Wounded veterans team up for Texas bicycle challenge

Shamoyita DasGupta

When an incoming rocket round hit Sgt. Johnny Alexander during his service in Vietnam, he lost both of his legs, his back was crushed and he was paralyzed from the neck down.

Now, decades later, he is participating in the Ride 2 Recovery Texas Challenge, and plans to participate in all of the other challenges across the country, as well as the ride that will take place in France in June.

John Wordin, a professional bicyclist, founded Ride 2 Recovery in 2008, as a way to help rehabilitate wounded veterans suffering from physical or post-traumatic stress-related injuries.

“It’s made it a lot better just by being able to be around other people with the same disabilities that I have and being able to do things that I didn’t think I would be able to do,” he said.

Wordin works with each veteran to provide them with a bicycle that will accommodate their injuries, and they get to keep their bikes when they finish the ride, said Ride 2 Recovery spokeswoman Debora Spano.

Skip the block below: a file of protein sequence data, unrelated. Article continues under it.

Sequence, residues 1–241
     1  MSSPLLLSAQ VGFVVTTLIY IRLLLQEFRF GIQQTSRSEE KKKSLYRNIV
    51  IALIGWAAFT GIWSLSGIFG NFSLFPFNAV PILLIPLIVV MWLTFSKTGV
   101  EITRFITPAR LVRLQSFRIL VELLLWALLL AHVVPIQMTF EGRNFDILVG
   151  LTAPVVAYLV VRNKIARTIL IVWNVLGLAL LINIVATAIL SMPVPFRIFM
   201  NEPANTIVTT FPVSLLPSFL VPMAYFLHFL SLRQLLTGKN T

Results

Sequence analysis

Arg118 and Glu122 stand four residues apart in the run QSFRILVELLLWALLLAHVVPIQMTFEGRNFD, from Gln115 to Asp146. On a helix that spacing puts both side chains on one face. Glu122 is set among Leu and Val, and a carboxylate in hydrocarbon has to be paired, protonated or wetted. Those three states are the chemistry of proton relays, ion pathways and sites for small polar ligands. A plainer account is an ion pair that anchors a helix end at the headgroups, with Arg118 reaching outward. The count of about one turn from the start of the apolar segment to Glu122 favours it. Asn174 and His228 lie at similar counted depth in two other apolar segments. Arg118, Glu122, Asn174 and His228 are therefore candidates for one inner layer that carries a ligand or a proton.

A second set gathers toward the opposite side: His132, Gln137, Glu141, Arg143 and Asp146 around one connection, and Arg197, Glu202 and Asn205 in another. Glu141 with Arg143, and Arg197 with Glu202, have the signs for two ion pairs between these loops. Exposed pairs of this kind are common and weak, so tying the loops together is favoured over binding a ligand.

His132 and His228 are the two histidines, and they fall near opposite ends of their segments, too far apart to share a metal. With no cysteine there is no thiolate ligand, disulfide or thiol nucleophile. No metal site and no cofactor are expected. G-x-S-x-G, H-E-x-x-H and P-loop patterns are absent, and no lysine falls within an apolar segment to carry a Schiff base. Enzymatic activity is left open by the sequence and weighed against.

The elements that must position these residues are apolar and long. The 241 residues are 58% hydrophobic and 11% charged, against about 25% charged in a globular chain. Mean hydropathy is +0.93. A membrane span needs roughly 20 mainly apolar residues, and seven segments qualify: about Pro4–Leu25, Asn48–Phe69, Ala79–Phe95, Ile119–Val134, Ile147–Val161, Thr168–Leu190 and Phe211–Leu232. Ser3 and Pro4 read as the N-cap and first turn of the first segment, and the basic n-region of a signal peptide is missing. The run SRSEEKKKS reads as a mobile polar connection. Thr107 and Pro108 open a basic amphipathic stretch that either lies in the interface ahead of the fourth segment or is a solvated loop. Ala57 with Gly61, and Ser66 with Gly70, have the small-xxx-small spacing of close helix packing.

The Texas Challenge began in San Antonio on March 28 and will finish in the Dallas area on April 2. Other challenges take place in Virginia, Minnesota, New York, California, Florida and France.

The organization works with the military and Veterans Affairs Volunteers Services Offices, with UnitedHealthcare as their presenting sponsor. Through a series of fundraisers, UnitedHealthcare helped to raise money to pay for the veterans’ bikes.

“We’re a company that prides itself on helping people live healthier lives,” said Mark Robinson, UnitedHealthcare’s vice president of marketing. “Our mission really comes to life on something like this.”

Those who participate also build a strong sense of camaraderie that most of them no longer experience when they return from their tours of duty, veterans said. The ride also serves as motivation for the participants to continue working through and around their injuries.

“I think it’s a good avenue to get away, to motivate yourself to get away from focusing on the negatives and focusing on a sport so you can make yourself better by doing it,” said Staff Sgt. Jerry Magallanes, who served in Iraq and suffered from a traumatic brain injury.